We were in the kitchen when it happened. She screamed—I could see her scream but I couldn’t hear her, though, in my imagination, it was not so much a scream as a startled yelp. I’ve learned, since then, to listen for a different register of voice. I have also fashioned small ear-cups that fit nicely around my head and allow me to pick up softer sounds.

So: She screamed, but I couldn’t hear her. Then she took her purse off her shoulder and threw it at me. She threw it hard, so it seemed, but a person the size of a coffee mug can only do so much damage. Unable to hit me, then, and with nothing else in reach, she attacked herself, or, rather, her clothing. In a matter of seconds, she’d torn off her skirt, ripped through it with her teeth, ripped the shirt off her back, thrashed at her panty-hose, and broke the heels off her shoes. Then she grabbed her purse again and dumped out everything in it, and, there, found a lighter. Before I could move to stop her, she set the small pile of clothes on fire, then stamped at them, and then kicked them off the edge of the table.

It was quite a display.

Needless to say, her clothes were ruined. 

And my wife, who was very small, was now naked as well.

The thing is: My wife’s condition has begun to affect my work.

On two occasions, colleagues have remarked on the sloppiness of my appearance. Generally, I am a very neatly dressed, well-shaved man.

I want to but can’t tell them that my wife is a strong climber. That she is resourceful beyond my imagination. 

I want to tell them that she has fashioned ropes. That she has forged small tools.

I want to tell them:

To be honest with you, Jim, my face is unevenly shaved because my three-inch wife climbed up the porcelain sink, hoisted herself up to the medicine cabinet, opened the heavy mirrored door, and dulled all of my razor blades.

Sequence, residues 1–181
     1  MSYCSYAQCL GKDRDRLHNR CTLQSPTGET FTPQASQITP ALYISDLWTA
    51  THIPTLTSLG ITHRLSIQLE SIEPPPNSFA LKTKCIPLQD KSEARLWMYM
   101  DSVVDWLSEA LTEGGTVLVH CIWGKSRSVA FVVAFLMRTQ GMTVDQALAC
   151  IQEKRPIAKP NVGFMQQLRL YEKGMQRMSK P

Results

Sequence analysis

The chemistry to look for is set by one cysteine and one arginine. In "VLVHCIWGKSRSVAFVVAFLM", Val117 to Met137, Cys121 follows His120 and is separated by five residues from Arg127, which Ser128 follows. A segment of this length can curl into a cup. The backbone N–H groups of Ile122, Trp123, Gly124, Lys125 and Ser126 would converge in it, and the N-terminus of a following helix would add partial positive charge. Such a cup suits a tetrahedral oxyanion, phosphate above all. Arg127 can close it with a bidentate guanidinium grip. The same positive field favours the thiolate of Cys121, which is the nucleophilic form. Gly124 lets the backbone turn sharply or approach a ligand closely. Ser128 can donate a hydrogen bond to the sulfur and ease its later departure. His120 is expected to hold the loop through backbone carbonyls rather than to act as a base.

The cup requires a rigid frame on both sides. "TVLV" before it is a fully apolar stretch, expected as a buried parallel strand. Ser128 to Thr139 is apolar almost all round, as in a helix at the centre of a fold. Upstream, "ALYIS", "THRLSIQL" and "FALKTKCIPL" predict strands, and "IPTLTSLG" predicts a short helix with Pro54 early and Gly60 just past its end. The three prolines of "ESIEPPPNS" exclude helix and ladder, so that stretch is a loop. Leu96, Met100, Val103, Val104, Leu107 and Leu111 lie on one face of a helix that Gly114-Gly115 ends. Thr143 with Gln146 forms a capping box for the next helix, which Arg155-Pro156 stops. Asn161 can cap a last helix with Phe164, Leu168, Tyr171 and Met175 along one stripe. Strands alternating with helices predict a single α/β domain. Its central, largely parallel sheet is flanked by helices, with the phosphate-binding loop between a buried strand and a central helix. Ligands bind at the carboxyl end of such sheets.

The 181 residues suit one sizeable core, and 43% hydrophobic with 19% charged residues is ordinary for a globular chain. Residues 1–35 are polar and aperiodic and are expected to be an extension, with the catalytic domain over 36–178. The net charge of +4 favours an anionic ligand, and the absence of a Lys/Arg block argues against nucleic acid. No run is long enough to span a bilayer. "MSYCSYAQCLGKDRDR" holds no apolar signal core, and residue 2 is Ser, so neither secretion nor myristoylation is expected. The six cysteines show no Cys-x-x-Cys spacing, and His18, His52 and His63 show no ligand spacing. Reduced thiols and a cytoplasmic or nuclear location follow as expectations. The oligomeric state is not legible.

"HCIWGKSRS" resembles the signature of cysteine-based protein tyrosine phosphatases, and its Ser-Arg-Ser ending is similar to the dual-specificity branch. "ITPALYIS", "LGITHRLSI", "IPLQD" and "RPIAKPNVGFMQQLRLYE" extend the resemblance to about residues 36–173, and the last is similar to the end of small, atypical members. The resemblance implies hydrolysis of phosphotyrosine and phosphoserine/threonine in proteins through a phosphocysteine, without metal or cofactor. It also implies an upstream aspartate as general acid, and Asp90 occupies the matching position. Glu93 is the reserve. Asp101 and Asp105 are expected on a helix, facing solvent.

Truth be told, Paul, my miniaturized wife removed every other button on each of my work shirts yesterday while I was in the office. And if we look closely, I mean, really closely, with one of our best magnifying glasses, we could probably see her tiny teeth marks in the thread.

I want to tell them this but I cannot. Instead I spend more time in my office.

And I’ve had to suspend my open-door policy.

She is not unattractive, my wife, in her miniaturized state. Her best features—her waist, the round curve of her hips, her shapely legs and fine eyebrows—are there still, undiminished by her diminished size. But what’s more—and more surprising—her more difficult-to-reconcile features have softened. The hard, reproachful look in her eyes. The often angry or disappointed set of her jaw. Her rather large feet. All of her should have reduced proportionately, and maybe it all has and this is but a trick of the mind, but one night, as she slept in the small, makeshift bed I made for her—matchbox, tufts of cotton, stitched squares of felt—I crept up on her and spied on her with a magnifying glass—I own quite a number of very good glasses—and it seemed to me that something in the process of miniaturization had enhanced the look of her.